Since 1995 the U.S. Postal Service (USPS) has been honored with more than 75 major environmental awards, including 40 White House Closing the Circle awards for environmental stewardship, and the 2009 Climate Change Champion of the Year Award for efforts to reduce greenhouse gas emissions.   Consistently looking for ways to reduce their environmental impact,  last  July the USPS opened its first greenroof facility atop the seven-story Morgan Processing and Distribution Center  (P&DC) in midtown Manhattan, one of the largest mail processing facilities in the country at 2.2 million sf.   Part of a larger facility modernization scope, construction of the project began in September 2008 and was completed less than a year later in July, 2009, and on budget.   At the opening ceremony, Sam Pulcrano, Vice President of Sustainability said:

“Not only does it provide employees with a beautiful, serene outdoor environment, the green roof will help us meet our goal to reduce energy usage 30 percent by 2015.”

Currently the largest in New York City, the 2.5 acre living roof also serves as a park of sorts for employees who have access to the eco-friendly recreational space.   For example, planters and benches of the dense tropical hardwood Brazilian ipe wood, certified sustainable by the Forest Stewardship Council, provide areas for relaxation and require no sealants or staining – which in turn reduces VOC’s from entering the atmosphere and the stormwater system.   High Solar Reflectance Index (SRI) value concrete utility pavers and roof ballast aggregate  were used,  and the light poles and bollards meet cutoff standards for light pollution.   In addition to providing a spectacular panoramic view of midtown Manhattan and the northern New Jersey shore, the Morgan P&DC greenroof is expected to  reduce the amount of stormwater runoff by as much as 75% in summer and 40% in winter, and is projected to save the Postal Service $30,000 yearly on heating and cooling costs.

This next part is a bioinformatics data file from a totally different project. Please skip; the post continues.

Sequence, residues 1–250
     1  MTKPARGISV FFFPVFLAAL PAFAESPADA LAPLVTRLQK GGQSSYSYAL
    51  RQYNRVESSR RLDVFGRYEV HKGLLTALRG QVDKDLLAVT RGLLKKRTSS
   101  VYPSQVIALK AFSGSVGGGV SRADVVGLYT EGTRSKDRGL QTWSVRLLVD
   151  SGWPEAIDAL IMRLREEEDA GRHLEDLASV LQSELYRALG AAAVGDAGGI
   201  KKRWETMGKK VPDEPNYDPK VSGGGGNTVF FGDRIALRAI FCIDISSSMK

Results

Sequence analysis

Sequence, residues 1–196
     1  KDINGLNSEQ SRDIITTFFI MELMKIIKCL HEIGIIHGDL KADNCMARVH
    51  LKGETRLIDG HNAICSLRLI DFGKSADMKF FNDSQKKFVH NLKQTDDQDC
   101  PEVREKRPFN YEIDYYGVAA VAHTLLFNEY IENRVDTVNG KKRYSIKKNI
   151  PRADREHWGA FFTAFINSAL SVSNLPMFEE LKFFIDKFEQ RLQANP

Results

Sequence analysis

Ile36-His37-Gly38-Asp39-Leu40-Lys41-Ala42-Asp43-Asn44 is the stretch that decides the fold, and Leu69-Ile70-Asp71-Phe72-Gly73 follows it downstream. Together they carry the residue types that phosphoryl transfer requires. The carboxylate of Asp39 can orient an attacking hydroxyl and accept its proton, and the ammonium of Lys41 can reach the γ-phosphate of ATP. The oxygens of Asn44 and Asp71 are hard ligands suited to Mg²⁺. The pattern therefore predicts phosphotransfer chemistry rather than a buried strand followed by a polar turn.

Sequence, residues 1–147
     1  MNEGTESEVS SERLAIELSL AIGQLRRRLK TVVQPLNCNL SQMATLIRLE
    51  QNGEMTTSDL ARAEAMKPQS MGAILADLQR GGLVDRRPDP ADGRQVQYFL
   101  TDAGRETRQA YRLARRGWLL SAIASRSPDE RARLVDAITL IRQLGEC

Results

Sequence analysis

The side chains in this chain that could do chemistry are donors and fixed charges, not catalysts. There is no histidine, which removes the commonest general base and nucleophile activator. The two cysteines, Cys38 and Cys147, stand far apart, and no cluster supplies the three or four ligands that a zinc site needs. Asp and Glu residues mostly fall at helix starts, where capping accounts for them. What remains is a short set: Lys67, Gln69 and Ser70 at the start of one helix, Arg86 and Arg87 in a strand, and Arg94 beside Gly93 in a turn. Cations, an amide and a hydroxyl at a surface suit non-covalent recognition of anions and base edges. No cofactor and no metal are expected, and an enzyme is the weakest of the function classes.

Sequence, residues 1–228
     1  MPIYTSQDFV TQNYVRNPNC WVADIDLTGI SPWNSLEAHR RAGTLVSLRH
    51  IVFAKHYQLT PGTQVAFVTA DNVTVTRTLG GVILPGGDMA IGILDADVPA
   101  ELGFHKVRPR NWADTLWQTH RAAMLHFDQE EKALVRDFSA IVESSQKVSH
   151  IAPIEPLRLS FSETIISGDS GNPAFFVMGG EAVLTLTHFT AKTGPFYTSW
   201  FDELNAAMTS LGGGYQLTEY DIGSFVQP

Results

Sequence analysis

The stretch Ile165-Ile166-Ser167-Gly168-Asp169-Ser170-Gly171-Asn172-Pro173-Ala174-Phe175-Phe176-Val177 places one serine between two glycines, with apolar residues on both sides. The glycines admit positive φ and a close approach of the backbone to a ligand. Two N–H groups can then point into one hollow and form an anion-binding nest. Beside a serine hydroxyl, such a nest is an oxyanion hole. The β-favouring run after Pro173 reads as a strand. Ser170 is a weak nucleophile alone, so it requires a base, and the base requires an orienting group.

Built in 1933,  the Morgan P&DC was designated a historical landmark in 1986.   When the previous 109,000 sf roof needed replacing, engineers deemed the structural loading capacity strong enough to support the additional weight of the growing medium and vegetation needed for  a greenroof, so the USPS decided upon a pilot project.   J.P. Patti Company, a TectaAmerica company, was contracted to re-roof the Morgan Building.   During construction only about 15,000 sf needed to be removed and replaced, and nearly 90% of the original roof was recycled and reused on the roof.   The new roof system consists of a Sika Sarnafil ® 80 mil membrane and gypsum roof board over several layers of extruded polystyrene insulation.   Materials were loose laid over the existing roofing and selected roof areas were covered.  J.P. Patti blew the engineered soil  up to  a height of 95 feet and across  the 300 foot-wide roof area.   The original 176 copper column caps, now green due to natural oxidation, continue to define Morgan as a historic building among the grasses and sedums.   The new roof is expected to last at least 50 years.